Student-Athlete Academic Commons gets upgrade with support of alumni Terry and Stan Freerks
About a year and a half ago, Lori Flanagan began contemplating the Student-Athlete Academic Commons in the Mark Twain Athletic Center.
In recent years, men’s and women’s swimming as well as cross country and track and field programs returned to campus, and the number of student-athletes in the department has swelled to about 270. Yet the Student-Athlete Academic Commons only provided enough space for 29 people to study comfortably at a time.
It became clear to Flanagan that an upgrade was greatly needed.
Conversations between Flanagan, members of the UMSL Advancement team and Stan and Terry Freerks – UMSL Distinguished Alumni Award winners and avid university boosters – brought that goal to fruition. Flanagan explained the need to expand and enhance the space for the benefit of UMSL student-athletes, and after hearing about the proposed upgrade, the Freerks were immediately willing to help in any way possible.
Thanks to a generous financial donation from the couple, the space was overhauled during the 2021-22 school year and ready for use at the beginning of the fall semester.
As former collegiate swimmers – Terry at Arizona State University and Stan at Cornell University – the Freerks are well aware of the commitment it takes to succeed in the gym and in the classroom. It’s a fine line to walk, but they understand that doing so develops character and life skills.
“We know what it means to be a student and an athlete at the same time,” Terry Freerks said. “There are a tremendous amount of demands on your time. You have to be disciplined; you have to be committed; you have to have a lot of follow-through. So, this project was one that we felt strongly about because it helped the athletes address the academic side of their responsibilities.”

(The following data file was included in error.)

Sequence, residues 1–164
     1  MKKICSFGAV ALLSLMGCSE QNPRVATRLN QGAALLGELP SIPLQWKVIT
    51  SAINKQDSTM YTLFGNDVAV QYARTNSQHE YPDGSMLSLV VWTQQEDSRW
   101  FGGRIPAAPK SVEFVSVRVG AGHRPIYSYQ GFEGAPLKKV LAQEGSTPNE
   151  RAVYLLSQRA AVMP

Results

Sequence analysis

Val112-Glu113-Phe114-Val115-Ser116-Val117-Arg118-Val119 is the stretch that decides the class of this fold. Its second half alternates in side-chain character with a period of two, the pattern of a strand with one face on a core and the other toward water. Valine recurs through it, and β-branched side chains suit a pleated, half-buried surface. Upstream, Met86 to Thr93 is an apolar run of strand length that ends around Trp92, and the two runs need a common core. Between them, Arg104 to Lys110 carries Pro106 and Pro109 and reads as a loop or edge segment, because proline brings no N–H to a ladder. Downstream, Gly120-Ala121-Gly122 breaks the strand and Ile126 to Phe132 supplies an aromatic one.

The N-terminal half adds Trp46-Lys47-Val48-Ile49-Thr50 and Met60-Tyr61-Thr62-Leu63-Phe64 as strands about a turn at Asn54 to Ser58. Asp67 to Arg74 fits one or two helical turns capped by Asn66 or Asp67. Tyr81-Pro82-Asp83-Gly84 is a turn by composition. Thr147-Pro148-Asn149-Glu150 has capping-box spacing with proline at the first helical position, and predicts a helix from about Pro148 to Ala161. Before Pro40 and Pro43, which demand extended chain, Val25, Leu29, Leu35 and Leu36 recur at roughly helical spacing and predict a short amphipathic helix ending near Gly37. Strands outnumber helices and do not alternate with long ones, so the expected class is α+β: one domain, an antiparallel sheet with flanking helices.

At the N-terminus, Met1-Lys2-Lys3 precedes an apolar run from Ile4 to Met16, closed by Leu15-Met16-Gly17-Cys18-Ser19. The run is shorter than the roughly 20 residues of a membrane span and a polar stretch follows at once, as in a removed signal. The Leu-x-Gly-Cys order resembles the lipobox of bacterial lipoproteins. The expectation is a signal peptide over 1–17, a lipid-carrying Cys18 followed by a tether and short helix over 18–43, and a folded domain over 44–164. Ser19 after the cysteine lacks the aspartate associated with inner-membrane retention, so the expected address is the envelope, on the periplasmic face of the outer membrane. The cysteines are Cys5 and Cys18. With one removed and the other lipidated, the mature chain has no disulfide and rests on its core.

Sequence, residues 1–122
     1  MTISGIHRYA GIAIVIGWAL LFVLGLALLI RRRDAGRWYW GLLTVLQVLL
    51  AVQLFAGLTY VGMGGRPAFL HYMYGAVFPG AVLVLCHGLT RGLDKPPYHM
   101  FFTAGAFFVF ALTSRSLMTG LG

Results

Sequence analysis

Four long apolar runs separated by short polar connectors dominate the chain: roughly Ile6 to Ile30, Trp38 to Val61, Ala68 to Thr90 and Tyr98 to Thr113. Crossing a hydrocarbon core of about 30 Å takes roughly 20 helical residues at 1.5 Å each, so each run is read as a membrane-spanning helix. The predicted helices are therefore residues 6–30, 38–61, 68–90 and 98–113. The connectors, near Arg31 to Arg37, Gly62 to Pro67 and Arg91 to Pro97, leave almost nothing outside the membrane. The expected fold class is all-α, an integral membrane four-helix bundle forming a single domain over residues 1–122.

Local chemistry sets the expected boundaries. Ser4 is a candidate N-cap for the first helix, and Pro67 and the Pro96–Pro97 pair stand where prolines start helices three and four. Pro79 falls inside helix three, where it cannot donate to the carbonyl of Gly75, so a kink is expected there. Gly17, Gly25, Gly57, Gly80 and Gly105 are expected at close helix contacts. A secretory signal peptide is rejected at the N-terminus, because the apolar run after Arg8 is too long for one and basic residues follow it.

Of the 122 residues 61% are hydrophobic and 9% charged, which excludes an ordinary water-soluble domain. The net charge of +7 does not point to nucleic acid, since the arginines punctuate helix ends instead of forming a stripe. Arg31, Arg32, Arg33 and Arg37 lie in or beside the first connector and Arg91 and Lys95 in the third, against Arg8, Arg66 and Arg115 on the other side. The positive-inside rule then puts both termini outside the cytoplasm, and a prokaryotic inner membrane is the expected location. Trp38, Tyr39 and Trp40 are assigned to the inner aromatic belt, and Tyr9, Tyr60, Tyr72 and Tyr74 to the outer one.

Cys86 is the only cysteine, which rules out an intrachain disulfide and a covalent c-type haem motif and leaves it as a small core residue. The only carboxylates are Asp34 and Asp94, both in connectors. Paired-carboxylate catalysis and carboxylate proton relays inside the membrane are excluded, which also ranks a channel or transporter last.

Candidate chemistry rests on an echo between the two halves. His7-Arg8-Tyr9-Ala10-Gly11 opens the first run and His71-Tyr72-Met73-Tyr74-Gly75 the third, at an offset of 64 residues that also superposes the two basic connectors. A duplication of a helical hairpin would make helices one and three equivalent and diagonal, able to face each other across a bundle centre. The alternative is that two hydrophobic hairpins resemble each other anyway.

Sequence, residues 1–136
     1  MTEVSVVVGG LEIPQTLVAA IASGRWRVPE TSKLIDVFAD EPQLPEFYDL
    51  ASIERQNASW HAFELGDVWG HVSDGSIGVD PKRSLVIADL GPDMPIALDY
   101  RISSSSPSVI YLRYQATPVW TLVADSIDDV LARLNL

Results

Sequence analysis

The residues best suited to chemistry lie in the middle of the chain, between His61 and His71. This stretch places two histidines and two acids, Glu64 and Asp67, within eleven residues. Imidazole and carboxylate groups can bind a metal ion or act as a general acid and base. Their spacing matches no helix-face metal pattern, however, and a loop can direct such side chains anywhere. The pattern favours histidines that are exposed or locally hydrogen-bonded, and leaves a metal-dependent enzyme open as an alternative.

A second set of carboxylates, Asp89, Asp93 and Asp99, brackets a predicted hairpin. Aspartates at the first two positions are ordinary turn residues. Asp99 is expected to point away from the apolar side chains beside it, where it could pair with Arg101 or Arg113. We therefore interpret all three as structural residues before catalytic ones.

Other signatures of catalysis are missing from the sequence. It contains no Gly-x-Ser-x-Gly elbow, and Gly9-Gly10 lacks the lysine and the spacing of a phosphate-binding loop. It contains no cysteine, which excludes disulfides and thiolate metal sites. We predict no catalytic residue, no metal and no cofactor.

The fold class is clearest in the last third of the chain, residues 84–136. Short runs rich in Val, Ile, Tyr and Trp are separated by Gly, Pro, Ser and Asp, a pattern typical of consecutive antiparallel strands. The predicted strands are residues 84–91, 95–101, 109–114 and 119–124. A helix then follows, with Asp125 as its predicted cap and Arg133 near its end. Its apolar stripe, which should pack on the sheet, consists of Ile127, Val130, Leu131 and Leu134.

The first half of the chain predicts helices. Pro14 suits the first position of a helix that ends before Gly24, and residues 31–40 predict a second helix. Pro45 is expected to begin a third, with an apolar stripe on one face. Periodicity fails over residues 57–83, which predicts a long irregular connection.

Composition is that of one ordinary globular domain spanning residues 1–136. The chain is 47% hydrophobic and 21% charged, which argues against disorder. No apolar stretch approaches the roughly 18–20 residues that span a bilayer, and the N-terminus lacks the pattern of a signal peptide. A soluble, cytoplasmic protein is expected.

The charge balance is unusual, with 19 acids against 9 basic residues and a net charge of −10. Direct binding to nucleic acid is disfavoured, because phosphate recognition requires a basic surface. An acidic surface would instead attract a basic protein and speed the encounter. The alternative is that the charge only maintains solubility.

Flanagan and Lindsay Pickering, assistant director of athletics for academics, noted that preparation for a career beyond sports is a pillar of UMSL Athletics.
“Obviously, the academic component has to be the first and foremost thing that we take care of,” Flanagan said. “That’s the end result in what we do – to get these kids a degree.”
Last year, the Tritons saw unprecedented athletic success, including senior Joel Sylven clinching the individual NCAA Division II Men’s Golf Championship. More recently, the Tritons volleyball team capped a historic run, reaching the semifinals of the NCAA Division II Championship in Seattle. But UMSL’s student-athletes have also taken Flanagan’s message to heart and applied the discipline and work ethic honed on courts, courses, fields and pools to their studies.
This past school year, a record 158 student-athletes achieved Academic All-GLVC accolades with a cumulative grade point of 3.3 or higher. Additionally, the overall grade point average of UMSL’s 19 teams was 3.4, marking the 19th consecutive semester above 3.0. The university also has an 85% success rate graduating student-athletes.
Pickering believes the renovated Student-Athlete Academic Commons will help continue that trajectory. The space has gone from what amounted to a spare classroom in Mark Twain to a thoroughly modern and spacious studying environment. A wall was taken down to enlarge its footprint, and it can now accommodate more than 50 student-athletes at one time.